Local workers and labor organizers discussed issues surrounding organized labor at a panel last Wednesday in Griffin 6. Three nurses from Berkshire Medical Center (BMC), one Wild Oats employee and one staff organizer from United Food and Commercial Workers (UFCW) spoke on the panel, hosted by the club Bread and Roses and moderated by Visiting Assistant Professor of American Studies Andrew Cornell.
Formed earlier this semester, Bread and Roses is a student group seeking to expand student involvement with issues of organized labor in the local community. Through consultation with workers and organizers from UFCW, the Massachusetts Nurses Association (MNA) and the New England Regional Council of Carpenters (NERCC), Bread and Roses has explored the ways in which students can support workers’ organizing efforts.
“We formed Bread and Roses to have a student group that is committed to social justice and also to building connections and solidarity between students and local unions,” Alexandra Griffin, ’18.5, one of the group’s founders, said.
Last week’s panel was part of an effort to inform students of present labor issues and facilitate discussion about what kinds of support students can offer. Griffin said that it was planned in part as a celebration of May Day – International Worker’s Day.
“We wanted to create a space for students and faculty to learn more about organized labor directly from union members and organizers,” Ashwin Dasgupta ’20, another of Bread and Roses’ co-founders, said. “Our biggest goal was to learn more about how students and faculty could best support the efforts of workers in our community.”
At the panel, workers shared their experiences in unions, described recent labor campaigns and negotiations and discussed how community members could support workers’ efforts.
“Union activity has never been more important,” BMC nurse Mark Brodeur said. “Elevating the profession of nursing through union activity, as a collective unit, is crucial to countering the power that large hospital conglomerates and insurance companies have amassed. As union members, we are afforded rights and protection to fight for what we believe in.
“It is great knowing that more and more young people are getting involved in their future, whether it is through unionized activities or social movements for positive change. Unity in any effort to create positive change is essential… We are our future.”
Bread and Roses previously supported nurses at BMC in their campaign for safer staffing and better healthcare plans by circulating a petition. Negotiations between BMC and the 800 union nurses have been contentious since the expiration of the MNA’s contract with BMC in September 2016. Nurses held a strike last fall and planned another this spring. However, the spring strike was canceled after negotiations progressed (“Berkshire Medical Center nurses cancel strike after progress in talks with hospital,” Feb. 28, 2017).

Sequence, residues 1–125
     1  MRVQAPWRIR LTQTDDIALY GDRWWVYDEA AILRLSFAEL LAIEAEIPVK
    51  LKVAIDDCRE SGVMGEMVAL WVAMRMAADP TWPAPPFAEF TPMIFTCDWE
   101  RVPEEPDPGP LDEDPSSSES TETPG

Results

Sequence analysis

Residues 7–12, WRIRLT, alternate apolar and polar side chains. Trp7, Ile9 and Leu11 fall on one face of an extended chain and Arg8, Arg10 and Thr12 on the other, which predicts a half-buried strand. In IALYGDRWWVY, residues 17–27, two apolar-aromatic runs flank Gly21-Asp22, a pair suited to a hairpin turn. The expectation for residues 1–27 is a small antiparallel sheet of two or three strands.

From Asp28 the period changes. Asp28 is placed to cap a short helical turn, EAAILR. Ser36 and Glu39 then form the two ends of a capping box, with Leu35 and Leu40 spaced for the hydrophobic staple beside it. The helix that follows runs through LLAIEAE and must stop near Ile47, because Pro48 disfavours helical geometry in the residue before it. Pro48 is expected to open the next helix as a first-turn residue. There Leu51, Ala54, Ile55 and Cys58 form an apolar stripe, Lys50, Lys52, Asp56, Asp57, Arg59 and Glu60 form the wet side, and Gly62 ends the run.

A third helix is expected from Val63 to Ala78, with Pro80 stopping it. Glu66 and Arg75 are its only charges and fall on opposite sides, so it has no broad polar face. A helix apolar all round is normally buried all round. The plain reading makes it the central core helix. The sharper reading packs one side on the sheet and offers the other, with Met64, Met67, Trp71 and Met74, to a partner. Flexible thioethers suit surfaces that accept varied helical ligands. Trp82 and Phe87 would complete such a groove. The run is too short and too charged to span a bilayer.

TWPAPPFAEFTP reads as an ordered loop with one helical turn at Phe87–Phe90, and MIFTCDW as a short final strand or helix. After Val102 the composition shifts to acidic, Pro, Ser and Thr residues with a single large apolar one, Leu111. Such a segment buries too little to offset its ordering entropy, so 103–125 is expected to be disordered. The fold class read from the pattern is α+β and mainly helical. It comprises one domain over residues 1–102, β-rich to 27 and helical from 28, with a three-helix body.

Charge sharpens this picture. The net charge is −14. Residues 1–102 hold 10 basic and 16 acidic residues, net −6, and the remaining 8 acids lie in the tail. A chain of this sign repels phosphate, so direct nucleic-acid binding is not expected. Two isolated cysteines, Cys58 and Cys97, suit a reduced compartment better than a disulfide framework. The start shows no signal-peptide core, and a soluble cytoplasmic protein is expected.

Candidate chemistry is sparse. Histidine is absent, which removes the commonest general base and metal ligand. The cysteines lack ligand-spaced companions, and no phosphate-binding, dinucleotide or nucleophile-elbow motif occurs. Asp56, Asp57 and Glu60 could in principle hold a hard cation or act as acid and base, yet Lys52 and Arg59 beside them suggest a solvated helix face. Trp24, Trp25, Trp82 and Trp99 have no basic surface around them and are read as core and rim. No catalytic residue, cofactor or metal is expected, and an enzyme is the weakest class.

A recent increase in patient volume has led to concerns over unsafe patient care. Between Oct. 1, 2015 and Oct. 18, 2017, nurses filed 462 unsafe staffing reports, which nurses use to record conditions they judge to be “inconsistent with safe patient care,” according to the MNA. Nurses have also expressed discontent with BMC’s provision of healthcare. The MNA said that BMC has proposed doubling nurses’ monthly healthcare premiums.
UFCW represents the unionized workers at North Adams’ Stop and Shop and Williamstown’s Wild Oats Market. The union is currently seeking to help Massachusetts co-op workers to unionize, and it collaborated with 40 workers at Wild Oats Market Co-Op to ratify their first union contract on Jan. 4.
On Feb. 1, Griffin worked with Feminist Collective and Converging Worlds to organize a Claiming Williams Day panel on equitable construction hiring. Titled “Breaking Barriers for Women and POC [People of Color] in the White, Male World of Construction,” the panel addressed NERCC’s campaign for women and people of color to achieve greater representation in construction (“Students explore equity in construction at the College,” Feb. 14, 2018). NERCC has been making appeals to many institutions, including the College, to get contractors to combat underrepresentation in construction.
Executive Director of Design and Construction Rita Coppola-Wallace, Associate Vice President for Finance Matt Sheehy and Vice President for Finance and Administration and Treasurer Fred Puddester have said they will take students’ and NERCC’s concerns into account when considering how the College can achieve greater diversity in its construction hiring.
Dasgupta and Griffin both expressed a desire for Bread and Roses to continue its attempts to promote education and discussion of labor justice issues on campus. “We would like to continue to establish and grow links between students and labor groups in our area,” Dasgupta said. “Trying our best to spread what we learn as an organization to the broader campus through events, campaigns, posters or otherwise will be a good start.”
“Our group is interested in speaking to this particular moment where anti-union sentiments are being challenged,” co-founder Wylie Thornquist ’20 added. “People are beginning to understand that labor organizing is not a thing of the past or something that is separate from this campus and region.”